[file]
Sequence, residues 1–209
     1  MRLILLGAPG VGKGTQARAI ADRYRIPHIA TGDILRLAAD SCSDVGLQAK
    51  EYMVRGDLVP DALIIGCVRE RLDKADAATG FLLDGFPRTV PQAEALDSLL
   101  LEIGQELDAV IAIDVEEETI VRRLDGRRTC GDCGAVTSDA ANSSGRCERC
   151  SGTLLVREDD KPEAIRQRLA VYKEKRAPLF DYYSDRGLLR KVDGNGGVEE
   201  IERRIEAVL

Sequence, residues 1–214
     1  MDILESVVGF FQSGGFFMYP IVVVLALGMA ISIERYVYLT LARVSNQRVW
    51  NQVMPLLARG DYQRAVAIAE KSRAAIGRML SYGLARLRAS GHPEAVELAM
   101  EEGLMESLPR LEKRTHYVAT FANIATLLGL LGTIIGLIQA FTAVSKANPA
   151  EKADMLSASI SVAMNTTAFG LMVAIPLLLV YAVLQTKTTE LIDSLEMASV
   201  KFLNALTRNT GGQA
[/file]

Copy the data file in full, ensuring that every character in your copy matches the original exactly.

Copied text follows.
Sequence, residues 1–209
     1  MRLILLGAPG VGKGTQARAI ADRYRIPHIA TGDILRLAAD SCSDVGLQAK
    51  EYMVRGDLVP DALIIGCVRE RLDKADAATG FLLDGFPRTV PQAEALDSLL
   101  LEIGQELDAV IAIDVEEETI VRRLDGRRTC GDCGAVTSDA ANSSGRCERC
   151  SGTLLVREDD KPEAIRQRLA VYKEKRAPLF DYYSDRGLLR KVDGNGGVEE
   201  IERRIEAVL

Sequence, residues 1–214
     1  MDILESVVGF FQSGGFFMYP IVVVLALGMA ISIERYVYLT LARVSNQRVW
    51  NQVMPLLARG DYQRAVAIAE KSRAAIGRML SYGLARLRAS GHPEAVELAM
   101  EEGLMESLPR LEKRTHYVAT FANIATLLGL LGTIIGLIQA FTAVSKANPA
   151  EKADMLSASI SVAMNTTAFG LMVAIPLLLV YAVLQTKTTE LIDSLEMASV
   201  KFLNALTRNT GGQA